MacLehose Press, 320 pages, $14.99 (c2006) (US ed. 2014)
Translated from German by Jamie Bulloch
It all comes down to the punchline. If you can wait, the denouement of “The Sweetness of Life” hits you between your eyes like a hammer.
“The Sweetness of Life” is a difficult book to read. There are four characters whose viewpoints are followed and alternated. If you don’t want to have even the teeniest, tiniest of spoilers, then stop here.
Two characters are fairly obvious right off. One is a psychiatrist, Raffael Horn, and the other is a police detective, Kovacs — if he has a first name, I never noticed it. It takes a while to absorb who the other two are. One is a young boy whose abusive older brother has just gotten home from prison/detention. The other is a young friar whose fragile personality is in danger of fragmenting. At first I was certain that this would ultimately be Horn’s book, since so much had to do with the inner workings of the mind, motivations for misdeeds, or how victims’ traumas can bind their humanity, but much of Horn’s musings are on his own life and hospital politics. Every main character’s psychological underpinnings is splayed for our view, but not in its totality, so the mystery of whodunnit remains. Each main character expresses angry, violent thoughts and wishes.
And this is what was done. Eighty-six-year-old Sebastian Wilfert was found by his young granddaughter dead in the snow, with his head mashed in, with his throat slit. He is carefully posed on his barn’s ramp like an upside-down, crucified Jesus. Shortly after, small animals are found killed and mutilated. Another young girl has had her legs broken and there is something suspicious about that. As one of the police detectives rhetorically asks as atrocity after atrocity reveals itself, “Who would do such a thing?”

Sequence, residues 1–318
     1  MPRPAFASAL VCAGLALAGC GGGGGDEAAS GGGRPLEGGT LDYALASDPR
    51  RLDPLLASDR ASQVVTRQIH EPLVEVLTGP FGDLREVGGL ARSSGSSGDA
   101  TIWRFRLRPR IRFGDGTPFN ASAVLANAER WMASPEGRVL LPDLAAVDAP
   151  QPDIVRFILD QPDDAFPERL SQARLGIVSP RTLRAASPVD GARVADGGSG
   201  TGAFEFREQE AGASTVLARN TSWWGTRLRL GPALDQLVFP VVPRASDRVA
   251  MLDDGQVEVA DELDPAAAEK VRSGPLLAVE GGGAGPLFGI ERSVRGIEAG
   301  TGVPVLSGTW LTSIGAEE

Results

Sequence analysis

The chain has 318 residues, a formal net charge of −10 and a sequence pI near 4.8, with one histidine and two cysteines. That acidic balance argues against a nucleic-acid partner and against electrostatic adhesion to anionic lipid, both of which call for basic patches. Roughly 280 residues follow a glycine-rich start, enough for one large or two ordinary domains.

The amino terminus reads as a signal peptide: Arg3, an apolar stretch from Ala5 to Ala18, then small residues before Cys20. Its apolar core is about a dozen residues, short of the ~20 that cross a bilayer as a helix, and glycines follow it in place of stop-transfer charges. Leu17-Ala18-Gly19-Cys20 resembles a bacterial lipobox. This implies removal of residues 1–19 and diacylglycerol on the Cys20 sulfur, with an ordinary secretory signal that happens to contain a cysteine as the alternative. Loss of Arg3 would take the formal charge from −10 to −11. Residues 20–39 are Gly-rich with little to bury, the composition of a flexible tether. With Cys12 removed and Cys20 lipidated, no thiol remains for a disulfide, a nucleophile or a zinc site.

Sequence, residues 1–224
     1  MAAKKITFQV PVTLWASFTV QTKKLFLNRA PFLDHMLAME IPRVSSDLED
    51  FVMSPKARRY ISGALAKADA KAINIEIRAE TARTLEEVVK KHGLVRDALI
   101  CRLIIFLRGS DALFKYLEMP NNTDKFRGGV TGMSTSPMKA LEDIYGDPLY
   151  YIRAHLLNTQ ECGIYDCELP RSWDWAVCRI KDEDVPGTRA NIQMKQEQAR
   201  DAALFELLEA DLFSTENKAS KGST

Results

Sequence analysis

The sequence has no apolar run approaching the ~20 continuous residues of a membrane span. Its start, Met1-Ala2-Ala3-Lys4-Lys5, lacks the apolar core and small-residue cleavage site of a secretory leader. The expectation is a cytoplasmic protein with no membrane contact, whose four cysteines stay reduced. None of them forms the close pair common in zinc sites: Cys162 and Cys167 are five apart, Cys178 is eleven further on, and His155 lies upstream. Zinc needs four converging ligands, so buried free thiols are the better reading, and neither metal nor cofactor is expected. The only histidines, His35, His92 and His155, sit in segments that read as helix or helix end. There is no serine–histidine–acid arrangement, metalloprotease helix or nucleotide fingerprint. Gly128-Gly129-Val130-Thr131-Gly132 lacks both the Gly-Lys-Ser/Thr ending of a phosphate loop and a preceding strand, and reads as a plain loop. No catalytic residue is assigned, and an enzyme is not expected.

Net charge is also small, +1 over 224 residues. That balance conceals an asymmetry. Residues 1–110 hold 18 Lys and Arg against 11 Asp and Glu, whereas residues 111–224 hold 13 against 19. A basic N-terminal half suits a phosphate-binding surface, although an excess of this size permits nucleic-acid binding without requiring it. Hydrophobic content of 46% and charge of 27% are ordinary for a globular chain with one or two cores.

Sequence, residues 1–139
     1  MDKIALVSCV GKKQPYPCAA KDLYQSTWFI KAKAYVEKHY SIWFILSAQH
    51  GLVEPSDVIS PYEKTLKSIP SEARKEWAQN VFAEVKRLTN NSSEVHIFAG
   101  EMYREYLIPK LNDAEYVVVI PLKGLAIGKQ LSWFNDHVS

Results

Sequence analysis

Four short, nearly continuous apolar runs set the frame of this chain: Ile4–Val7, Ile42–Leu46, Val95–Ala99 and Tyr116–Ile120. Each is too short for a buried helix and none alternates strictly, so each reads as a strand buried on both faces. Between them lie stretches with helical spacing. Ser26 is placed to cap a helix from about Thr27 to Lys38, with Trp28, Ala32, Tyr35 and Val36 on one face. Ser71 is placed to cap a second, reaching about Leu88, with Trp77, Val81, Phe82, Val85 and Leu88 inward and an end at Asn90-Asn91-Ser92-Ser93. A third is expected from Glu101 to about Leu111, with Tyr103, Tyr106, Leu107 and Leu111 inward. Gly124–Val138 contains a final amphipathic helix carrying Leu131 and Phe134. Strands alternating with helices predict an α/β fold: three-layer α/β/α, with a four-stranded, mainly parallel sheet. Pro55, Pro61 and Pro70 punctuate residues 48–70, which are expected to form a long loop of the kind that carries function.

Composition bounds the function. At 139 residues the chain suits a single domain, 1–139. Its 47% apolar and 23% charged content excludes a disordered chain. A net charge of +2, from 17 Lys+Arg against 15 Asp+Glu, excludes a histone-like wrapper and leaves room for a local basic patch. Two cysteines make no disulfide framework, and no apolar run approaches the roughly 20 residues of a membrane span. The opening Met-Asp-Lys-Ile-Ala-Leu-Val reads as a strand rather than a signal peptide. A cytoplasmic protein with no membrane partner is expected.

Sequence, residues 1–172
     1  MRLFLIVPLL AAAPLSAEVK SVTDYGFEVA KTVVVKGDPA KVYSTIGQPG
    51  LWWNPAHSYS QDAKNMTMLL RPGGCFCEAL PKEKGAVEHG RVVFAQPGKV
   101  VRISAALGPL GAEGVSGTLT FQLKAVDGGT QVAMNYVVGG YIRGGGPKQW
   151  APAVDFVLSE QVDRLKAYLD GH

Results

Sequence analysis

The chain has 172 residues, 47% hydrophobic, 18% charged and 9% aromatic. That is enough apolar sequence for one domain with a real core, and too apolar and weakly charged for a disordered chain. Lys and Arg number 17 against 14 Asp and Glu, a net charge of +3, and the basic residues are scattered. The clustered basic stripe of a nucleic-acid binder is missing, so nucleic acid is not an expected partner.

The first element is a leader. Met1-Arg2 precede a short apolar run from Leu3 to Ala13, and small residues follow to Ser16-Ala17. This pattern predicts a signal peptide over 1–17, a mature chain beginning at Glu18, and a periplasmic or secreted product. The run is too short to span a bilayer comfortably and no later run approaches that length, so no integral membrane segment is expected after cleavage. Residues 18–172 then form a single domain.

Initially, Detective Kovacs brings psychiatrist Horn to view Wilfert’s murder site, but they rarely communicate after that. Horn is treating the granddaughter who has been mute since the incident. It is not even clear that she saw who killed her grandfather anyway. Peering over Horn’s shoulder, we also meet other troubled souls in a small town close to Vienna, Austria, one of whom may be the murderer of the old man. Through Kovacs, we meet other residents, one of whom may be the murderer. There are a lot of characters, some of whom exist merely to enhance an understanding of Kovacs or Horn.
The narrative strains alternate and by the time a thread appears again four or five chapters hence, it is hard to remember what came before. Take notes. Or reread the book by reading a thread straight through.
In general, this book was fascinating because of the various psychological ailments, frailties, and faults on display. It was less successful as a mystery because of the obfuscating nature of the storylines. After thinking about the book for a while, maybe it was meant to be less a mystery than a way to delve into the varied ways people suffer and cause suffering.
P.S. I guess I shouldn’t have been surprised to find out that author Hochgatterer is also an Austrian psychiatrist.